Good Girls Don’t celebrates kids who make their own rules

Ana De Lara’s career transitioned from hoop dreams to big screens

Ana De Lara wasn’t a bad girl, but by her parents’ estimation, she wasn’t exactly obedient, either.

She liked to play sports, something that vexed and perplexed her mom and dad, who immigrated to Vancouver from the Philippines and considered athletics to be unladylike.

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And so De Lara’s mom, in a fit of frustration, told her young daughter that playing sports would result in — well, a significant change to her genitals.

“It was one of those things where she had said no to playing sports because it was unladylike, and I still wanted to do it, and so she countered with, ‘Well, if you keep doing it, you’ll turn into a boy,’” says De Lara in a recent phone interview. “It wasn’t that she believed it or it’s a Filipino belief. It was just a parent using a scare tactic to get you to obey when you’re not.”

But De Lara didn’t obey her parents. She played softball and basketball and dreamed of being the first woman to play in the NBA. But there was a small part of her that believed her mom’s dire warning.

“I would look between my legs to see if a penis was growing there,” she says, laughing. “But I still kept playing sports. I did things that weren’t ladylike.”

Alas, De Lara didn’t ever make it to the NBA.

“What crushed my dream was an article in Seventeen Magazine about being realistic about your dreams, and the example they used was if you’re 5’2” and you want to play basketball professionally, rethink it,” she said.  

Instead, the actor and filmmaker mined this formative childhood experience for Good Girls Don’t, the short film she wrote and directed that screens next/this week as part of the 2019 Reel 2 Real Film Festival for Youth.

Good Girls Don’t tells the story of 10-year-old Marilou (played by Evryle Ebora), who loves basketball despite her mother’s claims that she’ll grow muscles and “a pee pee, like a boy” if she plays sports. In order to play, she has to convince her hyper-religious parents to sign a school permission form. And so Marilou turns to the one person she thinks can get through to her parents: the VIP MVP Himself, Jesus Christ.  She seems on track to do just that, until she feels something going on “down there.”

The film also stars Lorne Cardinal (Corner Gas), Jane McLean, John Emmet Tracy, Carolyne Maraghi, and Shaughnessy Redden as Jesus.

“I believe in the saying that you should write from a place that you know,” says De Lara, adding she knows how hard it can be for Filipino-Canadian actors to get cast in film and television projects.  “When I came out of theatre school, there were no roles for Filipinos. Just none. I think if there were any roles I was auditioning for, they’d be for other ethnicities or it would just say ‘open ethnicity.’ I got discouraged. The roles you do get, they don’t challenge you. They’re so small. You can’t develop your skills. So one of the things that I wanted to do with this film was give opportunities to Filipinos so that they could have the opportunities that I didn’t have.”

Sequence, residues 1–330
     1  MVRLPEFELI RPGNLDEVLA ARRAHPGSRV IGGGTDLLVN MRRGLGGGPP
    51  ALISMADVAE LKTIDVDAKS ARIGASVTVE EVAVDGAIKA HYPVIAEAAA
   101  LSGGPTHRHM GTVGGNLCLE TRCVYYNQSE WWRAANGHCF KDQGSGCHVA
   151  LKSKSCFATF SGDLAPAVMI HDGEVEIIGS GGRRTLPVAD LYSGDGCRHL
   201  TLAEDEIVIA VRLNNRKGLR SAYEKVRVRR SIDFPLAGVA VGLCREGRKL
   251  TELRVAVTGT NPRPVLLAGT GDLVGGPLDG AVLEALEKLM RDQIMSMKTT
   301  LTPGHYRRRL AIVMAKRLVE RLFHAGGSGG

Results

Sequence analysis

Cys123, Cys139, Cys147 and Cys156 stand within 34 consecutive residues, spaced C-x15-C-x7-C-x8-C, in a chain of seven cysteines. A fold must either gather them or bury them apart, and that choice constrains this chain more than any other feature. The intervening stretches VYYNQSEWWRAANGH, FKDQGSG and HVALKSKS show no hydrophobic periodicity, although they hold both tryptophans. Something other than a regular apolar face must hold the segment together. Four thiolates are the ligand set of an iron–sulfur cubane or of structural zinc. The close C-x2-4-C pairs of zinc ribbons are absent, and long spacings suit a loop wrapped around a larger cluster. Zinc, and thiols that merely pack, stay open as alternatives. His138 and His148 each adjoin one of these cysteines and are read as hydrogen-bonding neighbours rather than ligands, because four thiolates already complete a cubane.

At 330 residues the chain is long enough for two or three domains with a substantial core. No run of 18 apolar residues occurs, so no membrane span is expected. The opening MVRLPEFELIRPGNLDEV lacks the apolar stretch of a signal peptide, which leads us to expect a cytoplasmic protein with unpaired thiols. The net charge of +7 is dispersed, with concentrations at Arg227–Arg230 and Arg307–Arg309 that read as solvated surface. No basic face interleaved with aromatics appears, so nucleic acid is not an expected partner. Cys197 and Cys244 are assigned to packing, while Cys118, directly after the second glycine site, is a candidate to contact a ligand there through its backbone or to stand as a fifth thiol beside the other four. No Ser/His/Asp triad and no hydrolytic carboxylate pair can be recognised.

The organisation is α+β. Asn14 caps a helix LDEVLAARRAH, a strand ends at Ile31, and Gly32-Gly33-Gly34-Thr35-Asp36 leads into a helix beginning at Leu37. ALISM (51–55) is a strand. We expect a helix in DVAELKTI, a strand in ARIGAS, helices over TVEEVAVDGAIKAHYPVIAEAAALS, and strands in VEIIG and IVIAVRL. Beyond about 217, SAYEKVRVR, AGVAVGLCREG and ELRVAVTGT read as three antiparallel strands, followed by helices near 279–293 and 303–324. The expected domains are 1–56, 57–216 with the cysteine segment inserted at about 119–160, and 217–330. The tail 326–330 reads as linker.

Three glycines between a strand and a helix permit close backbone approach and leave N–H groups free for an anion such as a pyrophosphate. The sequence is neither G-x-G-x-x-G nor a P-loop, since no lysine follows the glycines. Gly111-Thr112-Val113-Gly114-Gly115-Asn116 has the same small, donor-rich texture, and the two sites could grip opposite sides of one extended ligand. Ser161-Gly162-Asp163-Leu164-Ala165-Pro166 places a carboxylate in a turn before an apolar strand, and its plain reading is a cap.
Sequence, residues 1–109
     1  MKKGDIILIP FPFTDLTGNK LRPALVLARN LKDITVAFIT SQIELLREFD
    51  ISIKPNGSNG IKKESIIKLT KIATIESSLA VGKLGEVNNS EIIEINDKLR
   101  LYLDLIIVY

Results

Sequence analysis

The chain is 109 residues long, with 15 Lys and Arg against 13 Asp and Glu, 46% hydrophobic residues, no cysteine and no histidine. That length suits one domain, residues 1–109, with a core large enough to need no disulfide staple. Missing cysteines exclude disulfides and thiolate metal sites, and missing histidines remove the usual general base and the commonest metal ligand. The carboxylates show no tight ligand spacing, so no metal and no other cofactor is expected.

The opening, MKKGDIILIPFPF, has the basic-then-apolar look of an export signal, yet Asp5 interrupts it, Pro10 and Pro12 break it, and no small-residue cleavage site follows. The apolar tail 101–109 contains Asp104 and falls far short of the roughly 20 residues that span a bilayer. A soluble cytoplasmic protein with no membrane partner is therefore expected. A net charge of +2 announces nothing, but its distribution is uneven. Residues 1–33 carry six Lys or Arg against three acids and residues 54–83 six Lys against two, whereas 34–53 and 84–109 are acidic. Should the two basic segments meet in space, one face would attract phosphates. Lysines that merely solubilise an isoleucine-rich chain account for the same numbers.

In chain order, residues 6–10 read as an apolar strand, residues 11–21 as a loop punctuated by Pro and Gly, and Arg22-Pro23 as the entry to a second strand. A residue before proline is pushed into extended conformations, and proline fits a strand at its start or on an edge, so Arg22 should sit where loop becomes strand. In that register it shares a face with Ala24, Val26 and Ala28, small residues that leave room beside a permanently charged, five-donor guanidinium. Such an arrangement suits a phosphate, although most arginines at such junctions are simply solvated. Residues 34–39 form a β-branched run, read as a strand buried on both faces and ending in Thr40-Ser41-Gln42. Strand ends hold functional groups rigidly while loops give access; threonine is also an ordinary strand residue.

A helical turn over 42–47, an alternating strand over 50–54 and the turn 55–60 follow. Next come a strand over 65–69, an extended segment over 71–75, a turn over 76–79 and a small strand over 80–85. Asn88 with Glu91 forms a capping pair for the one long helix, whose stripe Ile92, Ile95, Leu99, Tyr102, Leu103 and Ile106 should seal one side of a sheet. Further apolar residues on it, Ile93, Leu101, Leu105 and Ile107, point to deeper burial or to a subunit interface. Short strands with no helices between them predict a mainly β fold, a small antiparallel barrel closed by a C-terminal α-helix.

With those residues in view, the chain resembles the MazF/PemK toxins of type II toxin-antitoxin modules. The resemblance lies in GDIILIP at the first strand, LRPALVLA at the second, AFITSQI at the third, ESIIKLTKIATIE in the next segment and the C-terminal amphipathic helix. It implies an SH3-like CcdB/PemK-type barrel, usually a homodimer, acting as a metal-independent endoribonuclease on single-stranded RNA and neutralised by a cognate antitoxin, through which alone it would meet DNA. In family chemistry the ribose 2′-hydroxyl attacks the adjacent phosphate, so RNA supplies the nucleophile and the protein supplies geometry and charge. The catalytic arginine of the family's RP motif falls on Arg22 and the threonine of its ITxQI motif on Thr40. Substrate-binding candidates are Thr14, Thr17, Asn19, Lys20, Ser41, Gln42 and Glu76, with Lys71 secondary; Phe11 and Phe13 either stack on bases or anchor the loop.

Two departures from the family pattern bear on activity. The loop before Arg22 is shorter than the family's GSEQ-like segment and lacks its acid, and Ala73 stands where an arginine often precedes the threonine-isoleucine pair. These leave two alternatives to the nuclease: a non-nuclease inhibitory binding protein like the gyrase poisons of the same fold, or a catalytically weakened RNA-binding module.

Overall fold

De Lara also wanted to tell a story that isn’t usually told on screen: that of a Filipino Canadian family.

“You don’t often see the Filipino Canadian family on the Canadian screen,” says De Lara, who won an award from the Motion Picture Production Industry Association of B.C. (MPPIA) to make the film. “You see other ethnicities. You see South Asian, Chinese, Japanese, but not Filipino. It’s exciting for me to do that. They’re underrepresented for sure.”

Speaking of Filipino Canadian families, what does De Lara’s think of the film?

“My family loves it,” she says. “My mom is very proud of it. She’s very supportive.”

Good Girls Don’t screens April 7 and 8 as part of the 2019 Reel 2 Real Film Festival for Youth. The festival is programmed with kids and young people in mind, and includes screenings of feature-length and short films as well as workshops and a youth media conference. Other local films in the fest include Beauty, a National Film Board of Canada documentary by Christina Willings about five gender-creative kids, and Amanda Cole’s Biddaaban (The Dawn Comes), which won Best Short at VIFF.

Tickets and full schedule at www.r2rfestival.org.

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